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Children have been found to more creative in their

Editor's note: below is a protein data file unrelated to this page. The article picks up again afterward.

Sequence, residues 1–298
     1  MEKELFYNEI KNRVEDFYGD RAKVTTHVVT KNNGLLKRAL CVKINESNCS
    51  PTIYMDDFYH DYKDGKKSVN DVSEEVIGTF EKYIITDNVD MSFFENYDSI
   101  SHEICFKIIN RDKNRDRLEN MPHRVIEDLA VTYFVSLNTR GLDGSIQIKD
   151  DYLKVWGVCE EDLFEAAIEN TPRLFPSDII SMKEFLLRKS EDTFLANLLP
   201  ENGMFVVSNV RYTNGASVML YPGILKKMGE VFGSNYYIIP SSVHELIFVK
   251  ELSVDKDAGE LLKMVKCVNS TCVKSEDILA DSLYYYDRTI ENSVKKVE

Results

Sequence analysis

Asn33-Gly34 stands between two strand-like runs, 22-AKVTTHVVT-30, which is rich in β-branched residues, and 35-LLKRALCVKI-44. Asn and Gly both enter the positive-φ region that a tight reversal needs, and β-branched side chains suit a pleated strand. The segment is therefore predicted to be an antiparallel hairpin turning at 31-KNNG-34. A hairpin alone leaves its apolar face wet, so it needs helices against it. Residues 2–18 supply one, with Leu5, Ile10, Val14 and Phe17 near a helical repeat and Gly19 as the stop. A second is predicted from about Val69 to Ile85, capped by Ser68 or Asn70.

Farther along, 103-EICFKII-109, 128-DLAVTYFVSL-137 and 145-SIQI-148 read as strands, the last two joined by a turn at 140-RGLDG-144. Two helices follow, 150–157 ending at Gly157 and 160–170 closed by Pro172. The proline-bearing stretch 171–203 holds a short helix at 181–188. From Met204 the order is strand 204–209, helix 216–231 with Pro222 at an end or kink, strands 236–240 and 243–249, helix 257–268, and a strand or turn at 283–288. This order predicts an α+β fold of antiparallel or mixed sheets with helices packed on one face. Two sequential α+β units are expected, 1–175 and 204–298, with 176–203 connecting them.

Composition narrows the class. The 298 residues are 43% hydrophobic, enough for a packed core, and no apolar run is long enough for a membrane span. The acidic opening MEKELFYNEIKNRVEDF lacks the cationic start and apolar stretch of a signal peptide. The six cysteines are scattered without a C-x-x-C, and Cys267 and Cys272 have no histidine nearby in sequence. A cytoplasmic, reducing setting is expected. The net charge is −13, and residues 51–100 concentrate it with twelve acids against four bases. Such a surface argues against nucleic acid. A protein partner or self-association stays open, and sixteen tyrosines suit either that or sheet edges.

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Unformatted text preview: been found to more creative in their efforts [Ayman-Nolley, 1999:267 and Brassington & Pettit, 1997:103]. One of the most influential aspects that come into play with regard to selective perception is that of noise. Noise can be any message, commercial or not, that can distort or prevent information from being sent and received efficiently [Arens, 1999:12]. Often consumers will learn things but will forget them because they don’t conform to their beliefs and attitudes. These bits of information are only transitory. This is the reasoning behind selective retention [Keenan, 2001:25 and Jones & Sasser, 1995:89]. A diagrammatical breakdown of perception is shown in figure 2.6, followed by an examination of each stage of the information-processing model. 27 Figure 2.6 Information processing for consumer behaviour. Exposure Perception Random Low Involvement Deliberate Attention High Involvement Interpretation Low Involvement High Involvement Memory Short term Long term Purchase and consumption decisions Source: Hawkins, D.I., Best, R.J., Coney, K.A., 2001, Consumer behavior, 8th edition, New York, U.S.A.: McGraw-Hill, p. 284. With regard to figure 2.6, as soon as a stimulus is within a person’s receptor nerve’s range, exposure has then taken place. This range includes the actual person as well as the person’s environment. A child, for instance, may be doing homework with the radio on and not be listening, but exposure would still have taken place. People participate in one form of exposure at a time and are always seeking information that they believe will help them achieve their goals [Hawkins et al., 2001:285]. Attention occurs when the stimulus activates one or more sensory receptor nerve and the consequential sensations go to the brain for processing. This occurrence, however, always takes place within the context of a situation. Different consumers may devote different levels of attention to different stimuli in different situations [Hawkins et al., 28 287]. For example, the members of a family may pay attention to various things whilst stopping at a petrol station. Attention is determined by three factors, namely individual factors, situational factors and stimulus factors. Individual and situational factors will be discussed later on in this chapter. For the time being, a look at stimulus factors will suffice. Stimulus factors are physical characteristics of the stimulus itself that tend to attract a consumer’s attention independently of their individual characteristics. Categories of stimulus factors can include contrast, colour, movement, isolation, size, intensity, format, and positioning [Hawkins et al. 2001:287; Burgess, 1998:53; and Shimp, 1997:122]. A bright, neon yellow and red ‘Shell’ logo at night would be an example. The way that a consumer assigns meanings to sensations is known as interpretation. It is a function of the pattern formed by the characteristics of the stimulus, the individual and the situation [Arens, 1999:132]. Indivi...
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